Laurel Izard grew up in a family of artists and has created since an early age. However, she didn’t define herself as a fiber artist until she had an idea to make hand-embroidered works of art inspired by the tarot. Laurel uses embroidery in unexpected ways, always trying new things. She makes social statements with embroidery on vintage baby quilts, as well as creates art quilts with her hand dyed fabrics.
When was the first time that you remember realizing that you are a creative person?
I grew up in a family of artists and it never occurred to me that I wasn’t creative or wouldn’t be an artist. As a child I can remember being very frustrated because I had many ideas about things to make, but not the necessary physical ability. I was sewing by the age of 5 and made my first stuffed dinosaur at 6. It leaked stuffing, but I was thrilled.
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Why textiles? How does that medium best express what you want to communicate through your art?
I have always been involved with textiles in one way or another. My MFA is in ceramics, and although I made clothes, embroidered, and made a couple early quilts I didn’t begin to define myself as a textile artist until 2011. I think making textile art had been at the back of my mind, but it took until I got the idea to make hand-embroidered images inspired by the tarot to define myself as a textile artist.
How did you get into what you do creatively?
If you are asking me if how I get in the mood to create, I will have to say that I am always in the mood to create. My motto is “I gotta make stuff”, and I spend much of my day doing just that. I cannot hand-embroider all day because it’s hard on my hands and shoulders, so then I may start drawing, machine sewing, or dying fabric. I usually work on 3-4 projects at a time and rotate the kinds of physical activities needed as I work throughout the day. If I get creatively stuck on one project, I start working on something else.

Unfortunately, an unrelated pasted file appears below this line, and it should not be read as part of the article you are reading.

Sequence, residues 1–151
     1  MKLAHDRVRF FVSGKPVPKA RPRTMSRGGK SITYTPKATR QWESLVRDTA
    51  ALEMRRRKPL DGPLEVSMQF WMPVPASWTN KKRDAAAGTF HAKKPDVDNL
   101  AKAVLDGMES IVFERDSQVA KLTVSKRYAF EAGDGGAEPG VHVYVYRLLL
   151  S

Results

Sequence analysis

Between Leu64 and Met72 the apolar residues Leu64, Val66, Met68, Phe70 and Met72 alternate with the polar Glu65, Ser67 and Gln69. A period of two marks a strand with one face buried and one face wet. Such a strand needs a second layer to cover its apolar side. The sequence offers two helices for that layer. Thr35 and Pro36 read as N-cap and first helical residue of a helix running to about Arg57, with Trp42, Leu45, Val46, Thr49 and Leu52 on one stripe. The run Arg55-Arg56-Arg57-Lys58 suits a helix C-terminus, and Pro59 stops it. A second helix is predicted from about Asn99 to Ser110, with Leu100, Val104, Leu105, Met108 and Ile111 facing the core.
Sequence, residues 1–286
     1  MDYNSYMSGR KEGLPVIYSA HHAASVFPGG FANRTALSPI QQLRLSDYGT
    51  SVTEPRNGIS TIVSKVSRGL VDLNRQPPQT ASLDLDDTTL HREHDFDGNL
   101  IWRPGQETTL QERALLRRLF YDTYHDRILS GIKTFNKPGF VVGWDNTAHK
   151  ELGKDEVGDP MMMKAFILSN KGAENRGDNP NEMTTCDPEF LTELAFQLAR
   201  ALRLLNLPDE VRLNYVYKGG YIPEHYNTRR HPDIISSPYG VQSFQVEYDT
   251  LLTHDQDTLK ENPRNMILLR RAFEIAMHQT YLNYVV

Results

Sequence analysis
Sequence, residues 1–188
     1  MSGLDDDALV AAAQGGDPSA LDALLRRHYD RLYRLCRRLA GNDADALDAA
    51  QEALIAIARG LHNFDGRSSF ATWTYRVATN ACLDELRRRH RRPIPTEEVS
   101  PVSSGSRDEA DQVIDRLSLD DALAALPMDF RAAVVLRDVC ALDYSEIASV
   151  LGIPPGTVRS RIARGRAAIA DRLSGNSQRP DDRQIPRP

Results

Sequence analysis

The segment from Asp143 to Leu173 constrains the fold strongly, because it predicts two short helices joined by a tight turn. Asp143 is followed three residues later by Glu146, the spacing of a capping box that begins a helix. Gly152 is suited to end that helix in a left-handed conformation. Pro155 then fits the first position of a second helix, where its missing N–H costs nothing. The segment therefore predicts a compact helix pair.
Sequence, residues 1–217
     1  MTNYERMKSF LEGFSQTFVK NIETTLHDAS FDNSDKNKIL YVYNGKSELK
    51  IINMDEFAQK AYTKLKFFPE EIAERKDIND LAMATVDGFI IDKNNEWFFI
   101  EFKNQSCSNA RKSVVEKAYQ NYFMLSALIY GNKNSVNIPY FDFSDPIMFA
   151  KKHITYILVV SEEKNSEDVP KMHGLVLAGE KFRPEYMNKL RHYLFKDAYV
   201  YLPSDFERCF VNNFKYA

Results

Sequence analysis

An important part of my creative day is playing in my sketchbooks. My one sketchbook rule is to not judge what I’m putting down on paper. This practice really unleashed my creativity and ability to embrace the flow. Although many of these doodles, drawings, and collages will never become an embroidery or quilt, I had fun in the creation.
Is there an overarching theme that connects all of your work?
My love for embroidery, hand-stitching and fabric is the one thing that unites all my work.
There are two major themes in my work. The first is my embroidered tarot card images. The ideas for these come from my doodling/sketchbook practice. Allowing myself free range non judged creativity really opened me up to so many more possibilities in my work. I choose the tarot as an inspiration for this work because I collect tarot decks, do tarot readings, and am fascinated by tarot symbols and archetypes. I am finishing card 67 out of 78 cards in a full tarot deck. These intense little embroideries (usually 6 x 4 inches) take a long time and this style of embroidery is hard on my hands and shoulders, so I can only hand stitch 2-3 hours of the day. However, It’s the high point of my day.
The second theme are the messages about social justice, culture, and the environment in my quilts. I have made several machine stitched quilts with fused fabrics, but most quilts started as vintage quilt tops that I’ve repurposed. My latest series is based on Mid-Century baby quilts and blankets and my embroidered response to the imagery on them. I began collecting baby quilts during the pandemic as a homage to the many people born mid-century who were early victims of COVID.